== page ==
This is the first part of the 3-part series about the Sheep on Autopilot theory.
What I’m about to share with you in this 3-part story is a very controversial and harsh point of view about how the human society works.
Be warned that I do not share this with people on a daily basis, I think I’m going nuts by sharing it publicly. Some people tend to feel offended and not everyone is ready or interested in performing an in-depth reasoning about how society works; most people just prefer not to dwell too much on this type of subject.
And I respect that.
Reflecting about the society standards is what led me to believe we’re here to aim high, and that all we need is a reset in the way we think and live.
I thought this would be the best way for you to know where I found my entrepreneurial drive. Perhaps it can help underlining yours!
The ‘Sheep on Autopilot’ theory
Have you ever thought about why human beings behave like a flock of sheep on autopilot?
Some weeks ago for the second time, I was watching “The Count of Monte Cristo” movie inspired by the famous book of Alexandre Dumas.
In this film, I noticed that Napoleon Bonaparte had an interesting opinion about people. He used to separate us into two major groups:
“Kings” and “Peons”
He would say there was nothing in-between those roles. We are either Kings or Peons.
I found this example interesting as it made me recall my old theory which I proudly called “Sheep on autopilot”. I’m afraid the translation isn’t up to the original Portuguese version – “Carneirada” – which means “a bunch of rams”.
I’m no expert on cattle, quite far from it actually, but over years I’ve come to realize the human society works pretty similar to “Sheep on autopilot”.
During the last years, approximately since 2014, I’ve been stepping into this subject from time to time.
Three of the aspects I find fascinating:
- We tend to do things without even questioning what we are doing. Small paradigms and habits that we cultivate our entire lives that can be very questionable.
- Our default behaviour is acting on an autopilot, which is no more than the whole life experiences we’ve been gathering in our mind. The human being doesn’t like to think; he prefers to automate everything whenever possible.
- We spend too much time addressing gossip and cheesy matters such as chitchatting about people or deciding what the best nails/shoes combination is; instead of meditating about life and learning how to put our current status into perspective.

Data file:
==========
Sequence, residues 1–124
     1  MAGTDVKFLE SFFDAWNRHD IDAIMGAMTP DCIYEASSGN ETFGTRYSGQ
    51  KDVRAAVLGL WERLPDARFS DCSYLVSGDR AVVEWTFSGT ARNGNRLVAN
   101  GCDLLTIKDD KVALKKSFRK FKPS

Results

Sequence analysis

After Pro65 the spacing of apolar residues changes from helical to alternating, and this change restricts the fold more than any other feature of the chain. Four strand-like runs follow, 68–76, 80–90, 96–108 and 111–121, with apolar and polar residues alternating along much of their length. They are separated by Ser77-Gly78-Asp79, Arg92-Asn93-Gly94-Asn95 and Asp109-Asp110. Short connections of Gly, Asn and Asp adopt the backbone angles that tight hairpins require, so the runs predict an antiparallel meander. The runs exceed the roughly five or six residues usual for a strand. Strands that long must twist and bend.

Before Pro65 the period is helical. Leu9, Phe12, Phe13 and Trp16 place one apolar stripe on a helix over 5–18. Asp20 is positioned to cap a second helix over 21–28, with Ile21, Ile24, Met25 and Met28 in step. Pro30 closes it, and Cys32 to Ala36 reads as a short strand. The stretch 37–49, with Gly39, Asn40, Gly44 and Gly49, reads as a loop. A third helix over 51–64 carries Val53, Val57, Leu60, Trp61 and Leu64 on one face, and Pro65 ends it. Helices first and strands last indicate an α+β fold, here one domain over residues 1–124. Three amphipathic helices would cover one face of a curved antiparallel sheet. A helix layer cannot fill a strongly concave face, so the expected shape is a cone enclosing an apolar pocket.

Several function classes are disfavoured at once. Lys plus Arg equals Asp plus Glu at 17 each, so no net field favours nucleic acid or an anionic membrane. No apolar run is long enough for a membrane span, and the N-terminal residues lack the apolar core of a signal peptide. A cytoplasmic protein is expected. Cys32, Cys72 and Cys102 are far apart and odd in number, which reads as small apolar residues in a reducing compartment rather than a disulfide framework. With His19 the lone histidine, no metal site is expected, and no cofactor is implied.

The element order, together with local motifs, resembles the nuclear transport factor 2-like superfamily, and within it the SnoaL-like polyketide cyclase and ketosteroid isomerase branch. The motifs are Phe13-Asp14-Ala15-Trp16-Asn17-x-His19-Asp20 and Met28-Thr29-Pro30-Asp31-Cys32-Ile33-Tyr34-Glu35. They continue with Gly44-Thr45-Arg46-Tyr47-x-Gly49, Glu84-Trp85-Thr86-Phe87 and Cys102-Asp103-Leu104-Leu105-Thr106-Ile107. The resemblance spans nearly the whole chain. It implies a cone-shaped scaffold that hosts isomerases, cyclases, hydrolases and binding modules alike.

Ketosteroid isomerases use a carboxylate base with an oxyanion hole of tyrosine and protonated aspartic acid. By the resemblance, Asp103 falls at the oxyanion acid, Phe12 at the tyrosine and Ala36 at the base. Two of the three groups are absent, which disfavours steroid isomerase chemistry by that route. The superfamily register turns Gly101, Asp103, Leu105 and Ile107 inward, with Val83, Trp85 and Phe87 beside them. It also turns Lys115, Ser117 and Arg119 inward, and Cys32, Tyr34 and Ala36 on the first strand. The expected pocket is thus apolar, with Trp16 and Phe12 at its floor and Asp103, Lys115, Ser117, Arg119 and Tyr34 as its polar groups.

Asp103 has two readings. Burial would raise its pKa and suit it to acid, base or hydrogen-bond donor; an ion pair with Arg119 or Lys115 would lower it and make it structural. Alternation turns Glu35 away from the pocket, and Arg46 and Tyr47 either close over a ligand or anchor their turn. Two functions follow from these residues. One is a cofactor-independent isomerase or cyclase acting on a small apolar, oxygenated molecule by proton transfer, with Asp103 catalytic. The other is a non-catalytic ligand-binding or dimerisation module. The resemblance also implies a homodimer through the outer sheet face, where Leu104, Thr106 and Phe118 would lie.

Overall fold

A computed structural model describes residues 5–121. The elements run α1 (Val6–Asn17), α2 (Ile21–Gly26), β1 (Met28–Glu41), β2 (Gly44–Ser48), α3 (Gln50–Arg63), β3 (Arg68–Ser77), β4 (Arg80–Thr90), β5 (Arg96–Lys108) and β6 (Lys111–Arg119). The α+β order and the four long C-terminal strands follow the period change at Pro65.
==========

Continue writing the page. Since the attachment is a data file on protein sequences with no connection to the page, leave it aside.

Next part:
Now, we will dive into the reasoning, from the bottom base to the tipping point.
You would agree that human beings act in a collective and social way, right? As a matter of fact, this is the single most important reason why we’ve thrived up to where we are today, as a whole race.
Working and thinking as a group allow us to achieve anything. But it can also lock us down to a standard society paradigm.
Let me tell you this story:
When I was with my colleagues at the European Street Food Festival, in our first day of activity (we were creating a Burritos street food business called Walkamole), I’ve heard something that I will never forget.
It was the first event of its kind in Lisbon. It was in April, the weather was great, and the Estoril’s Casino garden was overcrowded.
As a result, all the food concepts had lots of people in queues! I mean long lines that could vary between 30 to 60 minutes of waiting.
While I was walking around the garden, I accidentally heard one gentleman saying to another:
‘I don’t even look at those who have no queue; I only go to the full ones.’
Also, while I was accepting payments at our stand, I had the chance to talk with a lot of guys who were on our 45 minutes’ queue.
Would you believe that one in five customers would reach me and ask:
‘Tell me, what do you guys sell here?’
What do we sell here? This gentleman was 45 minutes standing in a queue burning at the sun without even knowing what he was going to eat? Up to this point, I had no idea such thing was even conceivable; I would never be in our queue for 45 minutes, standing in the sun.
And then I suddenly realised what so many authors have already said before me: the human being feels extremely well in crowds, it’s like his life purpose was to be in that particular queue, side by side with dozens of people, gladly smiling.
For me, this sounds hilarious, but I believe deep down all of us know this. It’s a biological phenomenon.
In fact, our mental and emotional stability come precisely from the moments like these, moments in which we don’t need to have reason about anything. The moments in which we are simple sheep grazing.
How do you find the Sheep on Autopilot theory? Do you agree with that? Feel free to leave a comment down below!
If you find this controversial theory interesting, don’t forget to share it with a good friend and keep waiting for the next parts!